TERRORISTS cannot demoralise the nation. The war will continue till the elimination of the last terrorist. Thus spoke the interior minister recently — after some weeks in hibernation. Reassuring? Or are words all he has?
He was declared the counterterrorism czar in January this year by the prime minister in a meeting to discuss the implementation of the National Action Plan (NAP) when it was decided that the interior minister would lead the effort to implement the 20-point counterterrorism (CT) strategy and ensure proper coordination with all stakeholders.
It is now time to point out the inadequacies of certain aspects of the CT policy being pursued and also highlight the lack of progress in implementing NAP in its true spirit.
The snake-pit of militancy needs to be cleared.
Firstly, over 100 convicts have been hanged in five months since the Dec 16 carnage at the Army Public School, Peshawar. Has capital punishment deterred diehard terrorists? All I can say with my experience of more than 40 years in law enforcement is that it is the certainty and not the severity of punishment that deters criminals or reduces criminality. As long as loopholes exist in our justice system, death by hanging will not work.
Second, NAP emphasised that no armed militias would be allowed to function in the country. While the interior ministry has banned issuance of arms licences, some provinces are generously distributing licences of even prohibited-bore weapons. There is no policy of firm gun control in any province. No wonder violence cannot be stopped by a state machinery unwilling or incapable of enforcing its writ through effective deweaponisation.
Third, the National Counter-Terrorism Authority was to be strengthened and activated. However, Nacta has not been placed under the prime minister as per the law. The interior minister continues to keep Nacta under his wing, without giving it the necessary professional staff and resources. No wonder the vacuum is being filled by the military establishment.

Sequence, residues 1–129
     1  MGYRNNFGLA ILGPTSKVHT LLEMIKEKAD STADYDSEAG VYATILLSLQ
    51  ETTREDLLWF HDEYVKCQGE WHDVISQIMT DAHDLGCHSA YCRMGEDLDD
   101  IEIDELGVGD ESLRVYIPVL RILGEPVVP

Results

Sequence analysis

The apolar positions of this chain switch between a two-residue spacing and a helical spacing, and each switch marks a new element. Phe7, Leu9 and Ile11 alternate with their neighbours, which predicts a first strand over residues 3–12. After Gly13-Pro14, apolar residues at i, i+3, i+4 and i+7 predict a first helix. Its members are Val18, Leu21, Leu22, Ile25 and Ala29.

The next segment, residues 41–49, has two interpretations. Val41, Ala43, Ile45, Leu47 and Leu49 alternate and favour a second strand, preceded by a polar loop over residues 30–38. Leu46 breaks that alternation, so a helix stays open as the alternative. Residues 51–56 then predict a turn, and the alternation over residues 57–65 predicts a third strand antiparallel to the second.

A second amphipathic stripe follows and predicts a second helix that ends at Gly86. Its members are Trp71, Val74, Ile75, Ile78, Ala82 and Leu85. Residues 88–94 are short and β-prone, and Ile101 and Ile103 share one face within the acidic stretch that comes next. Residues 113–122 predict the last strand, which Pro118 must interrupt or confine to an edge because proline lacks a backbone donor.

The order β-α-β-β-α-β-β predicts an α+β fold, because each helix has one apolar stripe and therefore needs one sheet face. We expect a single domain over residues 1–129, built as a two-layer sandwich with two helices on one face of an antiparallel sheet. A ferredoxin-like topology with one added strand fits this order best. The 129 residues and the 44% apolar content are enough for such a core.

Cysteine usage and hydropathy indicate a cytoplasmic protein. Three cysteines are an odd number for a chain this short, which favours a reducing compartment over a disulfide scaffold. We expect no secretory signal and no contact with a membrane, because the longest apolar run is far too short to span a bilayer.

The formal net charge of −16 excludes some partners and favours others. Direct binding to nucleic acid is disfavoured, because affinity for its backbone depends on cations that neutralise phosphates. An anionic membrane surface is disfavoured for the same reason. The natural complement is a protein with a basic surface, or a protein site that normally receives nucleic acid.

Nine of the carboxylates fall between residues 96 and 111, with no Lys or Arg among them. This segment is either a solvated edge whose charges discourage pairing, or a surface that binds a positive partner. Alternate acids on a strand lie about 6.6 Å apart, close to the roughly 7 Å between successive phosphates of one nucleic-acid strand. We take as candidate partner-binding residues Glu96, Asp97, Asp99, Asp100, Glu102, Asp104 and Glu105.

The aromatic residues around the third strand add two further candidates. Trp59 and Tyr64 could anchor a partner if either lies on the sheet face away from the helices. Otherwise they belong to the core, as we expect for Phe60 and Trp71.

Fourth, effective measures were required to counter hate speech. Some progress in this regard has been achieved by the Punjab and KP governments. However, the extremist mindset has permeated society and a wholesome strategy is missing.
Fifth, choking terror financing has not met with any significant success. A task force under the finance minister held a few meetings but has failed so far to come up with an institutional mechanism to regulate or block financing for terrorists.
Sixth, NAP required ensuring that proscribed organisations do not re-emerge. The working group had suggested banning the office-bearers and leaders of militant organisations. However, proscribed groups re-emerge with new names; some pose as charitable entities, others simply flout the ban. Therefore, those responsible for creating these monsters need to show resolve to clear the snake-pit of militancy.
Seventh, the plan required “taking effective steps against religious persecution”. This is an area where a long-term strategy is required. What should be the role of religion in matters of statecraft? How should we safeguard the fundamental rights of the minorities? This is a larger debate that this nation cannot afford to ignore.
Eighth, the crucial plan to register and regulate madressahs has stalled. This is where the government has buckled under the pressure of religious parties. It was decided that all madressahs would be registered; foreign students expelled, scores of identified seminaries promoting violence closed down, independent audit of all their funding carried out and all foreign funding routed through government institutions. Eventually, all madressahs were to be brought under the provincial education departments.
Ninth, zero tolerance for militancy in Punjab was to be shown. This is the real battle zone where nurseries of religious extremism, sectarianism and militancy have thrived for far too long. While assuring that all non-state actors would be tackled eventually, the army chief will be tested hard on his commitment.
Tenth, NAP stressed on empowering the Balochistan government for political reconciliation with dissidents through complete ownership by all stakeholders. The political government has not been given a free hand to resolve the issue of missing persons. The kill-and-dump strategy has not been abandoned completely. Security forces are combating the Baloch insurgency through strong-arm tactics. No one is prepared to give peace a chance, at least for now.
Eleventh, an important NAP point dealt with revamping and reforming the criminal justice system, including strengthening CT departments. This is unfortunately not a priority of the state. The government is not willing to depoliticise the police or give them sufficient autonomy and resources. In the absence of all this, the military will keep calling the shots in internal security matters.
This, in a nutshell, is the national inaction plan against the terrorists who want to dismantle our state. Will the CT czar lead the battle against the militants in real earnest?
The writer is a retired police officer.
Published in Dawn, May 28th, 2015